Jim Dunphy North Carolina State University Extension soybean specialist explains the yield limiting factors in doublecrop soybeans as Rasel Parvej a post doctorate research associate at Virginia Tech holds the posters during a stop at the Northeast Ag Expo field day at Lynn Hobbs Farm in Hobbsville NC

Jim Dunphy, North Carolina State University Extension soybean specialist, explains the yield limiting factors in double-crop soybeans as Rasel Parvej, a post doctorate research associate at Virginia Tech, holds the posters during a stop at the Northeast Ag Expo field day at Lynn Hobbs Farm in Hobbsville, N.C.

Delaying wheat harvest reduces soybean yields in a double-crop system

When wheat yields go down in a double-crop system, soybean yields go down. Research shows soybean yields are best when wheat is harvested at 20 percent moisture.

The challenge of double-crop soybean production is yields often don’t keep up with full-season yields.

An initiative was launched two years ago to increase yields in double-crop small grain/soybean systems across the Mid-Atlantic.

During the Northeast Ag Expo field day held at the Lynn Hobbs Farm in Hobbsville, N.C. July 28, David Holshouser, Virginia Tech Extension soybean specialist, said the study is being conducted across Pennsylvania, Maryland, Delaware, Virginia and North Carolina with the aim of improving yields of both soybeans and small grains (either wheat or barley) in a double-crop system.

In the five-state study, six different soybean varieties across different maturity groups are being examined for yield performance. The study includes two late maturity group four varieties, two early maturity group five varieties and two late maturity group five varieties.

Holshouser noted that when wheat yields go down in a double-crop system, soybean yields go down as well. He said research shows soybean yields are best when wheat is harvested at 20 percent moisture. “The most profitable option is to harvest high moisture wheat,” the Virginia Tech specialist said.

Rasel Parvej, a post doctorate research associate at Virginia Tech working on the project with Holshouser, explains that delaying wheat harvest clearly reduces soybean yields in a double-crop system. In last year’s study, wheat was harvested beginning in early June all the way to mid-July in four states. North Carolina joined the project this year.

“We did not see much difference from early June to mid-June, but after that you lose 20 bushels per acre yield if you delay harvest. You are also reducing test weight if you delay harvest. If test weight falls below the market limit, you cannot sell your wheat as food grade. You have to sell it as feed grade and you are paid less,” Parvej said.

The goal is to harvest wheat at 20 percent moisture to deliver the best returns. Parvej said it is critical to get the grain quality number above 300 to receive the maximum return for good quality wheat. “If you delay your harvest, your grain quality number declines and you are paid less,” Parvej stressed.

Delaying soybean planting reduces yields

Delaying soybean planting to after mid-June also reduces soybean yields due to the shortened growing season, Parvej said, stressing that a leaf area index of 3.5 to 4 is for maximum growth and yields which is achieved when the soybean plant captures as much sunlight as possible.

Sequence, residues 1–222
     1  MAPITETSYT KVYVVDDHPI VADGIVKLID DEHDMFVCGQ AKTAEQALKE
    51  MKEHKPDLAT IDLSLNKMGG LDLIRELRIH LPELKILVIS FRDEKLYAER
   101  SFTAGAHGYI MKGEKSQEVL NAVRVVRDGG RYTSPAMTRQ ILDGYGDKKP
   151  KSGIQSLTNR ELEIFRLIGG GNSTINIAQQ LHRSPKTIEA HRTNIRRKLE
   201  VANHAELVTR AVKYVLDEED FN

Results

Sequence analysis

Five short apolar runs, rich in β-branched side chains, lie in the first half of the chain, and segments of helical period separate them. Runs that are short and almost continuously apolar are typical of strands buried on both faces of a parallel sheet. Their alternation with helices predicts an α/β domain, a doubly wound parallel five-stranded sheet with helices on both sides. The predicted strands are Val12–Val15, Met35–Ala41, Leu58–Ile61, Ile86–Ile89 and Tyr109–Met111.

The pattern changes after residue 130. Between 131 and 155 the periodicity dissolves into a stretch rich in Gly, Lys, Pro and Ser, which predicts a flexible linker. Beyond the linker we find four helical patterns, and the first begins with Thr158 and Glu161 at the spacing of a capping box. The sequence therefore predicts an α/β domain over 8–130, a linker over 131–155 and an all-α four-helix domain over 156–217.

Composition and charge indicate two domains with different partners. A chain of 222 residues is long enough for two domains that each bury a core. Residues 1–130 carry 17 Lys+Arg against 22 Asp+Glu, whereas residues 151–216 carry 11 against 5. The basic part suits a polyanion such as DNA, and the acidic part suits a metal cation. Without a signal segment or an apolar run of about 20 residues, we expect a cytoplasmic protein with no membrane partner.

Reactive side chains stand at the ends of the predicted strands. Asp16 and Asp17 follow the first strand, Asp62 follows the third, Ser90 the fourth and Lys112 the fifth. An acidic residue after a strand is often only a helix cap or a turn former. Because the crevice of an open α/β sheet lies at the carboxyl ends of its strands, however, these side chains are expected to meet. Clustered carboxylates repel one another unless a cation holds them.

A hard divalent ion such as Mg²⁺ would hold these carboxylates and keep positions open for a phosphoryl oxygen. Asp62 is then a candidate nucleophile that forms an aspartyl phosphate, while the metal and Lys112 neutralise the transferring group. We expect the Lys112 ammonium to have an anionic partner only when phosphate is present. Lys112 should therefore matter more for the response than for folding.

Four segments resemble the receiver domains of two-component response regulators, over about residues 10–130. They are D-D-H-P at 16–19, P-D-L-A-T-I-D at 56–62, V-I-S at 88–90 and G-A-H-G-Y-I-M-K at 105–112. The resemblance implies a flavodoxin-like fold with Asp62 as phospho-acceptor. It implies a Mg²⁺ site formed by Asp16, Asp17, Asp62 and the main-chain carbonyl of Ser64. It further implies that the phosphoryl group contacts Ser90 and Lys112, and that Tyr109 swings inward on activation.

In his comments at the field day, Jim Dunphy, North Carolina State University Extension soybean specialist, also emphasized the importance of a leaf area index of 3.5 to 4 in soybeans in a double-crop system.

“We need to get three and half to four layers of leaves per acre of ground out there. That’s the equivalent of being about 36 inches tall. If we get soybean plants to be 36 inches tall, we probably have a leaf area index of 3.5 to 4,” Dunphy said. 

 “That’s going to maximize our yield. If we don’t get it big enough to get that leaf area index to 3.5 to 4, we’re giving up yield. One way to help offset it is to go to a later maturing variety not because it’s later maturing but because the late maturity varieties also quit growing later which means they have more days to get big enough. I’m more worried about getting them big enough than anything else on these double crop beans,” Dunphy said. “If we can get that leaf area index to 3.5 to 4, we’re in good shape.”

North Carolina State University joined the Mid-Atlantic study this year and has a double crop test plot on the Hobbs farm. An aim of the North Carolina research is to determine what soybean variety should be used in a double crop system. Dunphy is examining Group Four, Group Five and Group Six varieties.

“If a variety is not going to yield as well as later variety, you have to think twice about it,” Dunphy said. “We don’t have a lot of experience double cropping a group four. We haven’t until recently had group fours that hold up that well in North Carolina. Today, we have group fours that do very well, particularly full season. I’m worried about group four double crop. I’m worried about whether it can get big enough quick enough to get the job done.”

David Holshouser, Virginia Tech Extension soybean specialist, says the goal of the Mid-Atlantic double-crop soybean research initiative is to increase yields and profits in double-crop soybeans in Delaware, Maryland, Pennsylvania, Virginia and North Carolina.

Hide comments

Comments

  • Allowed HTML tags: <em> <strong> <blockquote> <br> <p>

Plain text

  • No HTML tags allowed.
  • Web page addresses and e-mail addresses turn into links automatically.
  • Lines and paragraphs break automatically.
Publish